Modulation of working, short- and long-term memory by nicotinic receptors in the basolateral amygdala in rats.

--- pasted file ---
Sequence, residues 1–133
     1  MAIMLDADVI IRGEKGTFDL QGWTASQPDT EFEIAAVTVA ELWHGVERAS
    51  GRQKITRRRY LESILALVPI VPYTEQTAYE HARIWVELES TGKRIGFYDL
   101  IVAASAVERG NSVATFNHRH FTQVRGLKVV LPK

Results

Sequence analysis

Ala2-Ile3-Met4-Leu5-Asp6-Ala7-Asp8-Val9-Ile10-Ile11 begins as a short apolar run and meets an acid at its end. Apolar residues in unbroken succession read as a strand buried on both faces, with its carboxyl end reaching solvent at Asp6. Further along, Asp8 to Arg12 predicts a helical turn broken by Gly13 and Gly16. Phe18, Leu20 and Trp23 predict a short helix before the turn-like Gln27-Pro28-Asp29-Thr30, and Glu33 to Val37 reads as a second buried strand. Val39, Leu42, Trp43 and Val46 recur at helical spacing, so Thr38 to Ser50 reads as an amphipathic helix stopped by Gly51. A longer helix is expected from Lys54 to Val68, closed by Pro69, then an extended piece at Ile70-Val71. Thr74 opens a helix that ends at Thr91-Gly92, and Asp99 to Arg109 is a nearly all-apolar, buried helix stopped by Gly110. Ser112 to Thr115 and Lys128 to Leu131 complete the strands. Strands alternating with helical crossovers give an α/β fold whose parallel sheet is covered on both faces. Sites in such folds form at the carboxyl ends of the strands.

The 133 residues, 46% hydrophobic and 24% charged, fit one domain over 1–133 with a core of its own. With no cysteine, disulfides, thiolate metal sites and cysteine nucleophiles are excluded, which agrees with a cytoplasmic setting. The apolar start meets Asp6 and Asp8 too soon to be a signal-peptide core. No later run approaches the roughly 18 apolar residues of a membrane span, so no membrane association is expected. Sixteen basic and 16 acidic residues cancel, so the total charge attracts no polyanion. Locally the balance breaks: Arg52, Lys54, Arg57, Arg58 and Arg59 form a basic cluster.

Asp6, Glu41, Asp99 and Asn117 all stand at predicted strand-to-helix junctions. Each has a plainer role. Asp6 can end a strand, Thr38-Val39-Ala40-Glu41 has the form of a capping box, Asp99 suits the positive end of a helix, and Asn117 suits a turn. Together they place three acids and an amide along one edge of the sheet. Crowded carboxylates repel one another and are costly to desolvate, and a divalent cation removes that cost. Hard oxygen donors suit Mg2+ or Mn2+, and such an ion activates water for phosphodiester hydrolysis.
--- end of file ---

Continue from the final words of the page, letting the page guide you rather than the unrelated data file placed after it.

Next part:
There is extensive evidence indicating the influence of seizures on emotional responses observed in human and animals, but so far few studies are focusing on the behavioral profile of animals that do not have seizures despite being treated with convulsant agents. We aimed to establish the behavioral profile, biochemical, and electrographic features of rats submitted to the pilocarpine model of temporal lobe epilepsy Rats treated with pilocarpine (20 to 350 mg/kg, i.p.) that did not develop status epilepticus or spontaneous recurrent seizures were evaluated 1 month later in the elevated plus maze (EPM), T-maze (ETM), open-field (OF), and step-down avoidance tests. Electroencephalographic (EEG), glutamate uptake, and hippocampal neuronal death assays were also performed Pilocarpine (150 or 350 mg/kg) promoted anxiogenic-like effects in rats evaluated in the EPM, ETM, and OF tests, whereas only the highest dose evoked spike–wave discharges during EEG recordings. Hippocampal theta rhythm was increased by pilocarpine 150 or 350 mg/kg and only the highest dose reduced the l-[3H]-glutamate uptake and cell viability on hippocampal slices. Subconvulsant doses of pilocarpine promote long-lasting alterations on neural circuitry, reflected by an increased theta activity in the hippocampus and an anxiety-like profile of rats evaluated 1 month after the treatment which is independent of seizure occurrence and is not related to changes in glutamate uptake or hippocampal damage. These results prompt us to suggest that a systemic administration of subconvulsant doses of pilocarpine could be useful as a new tool to model trait anxiety in rats.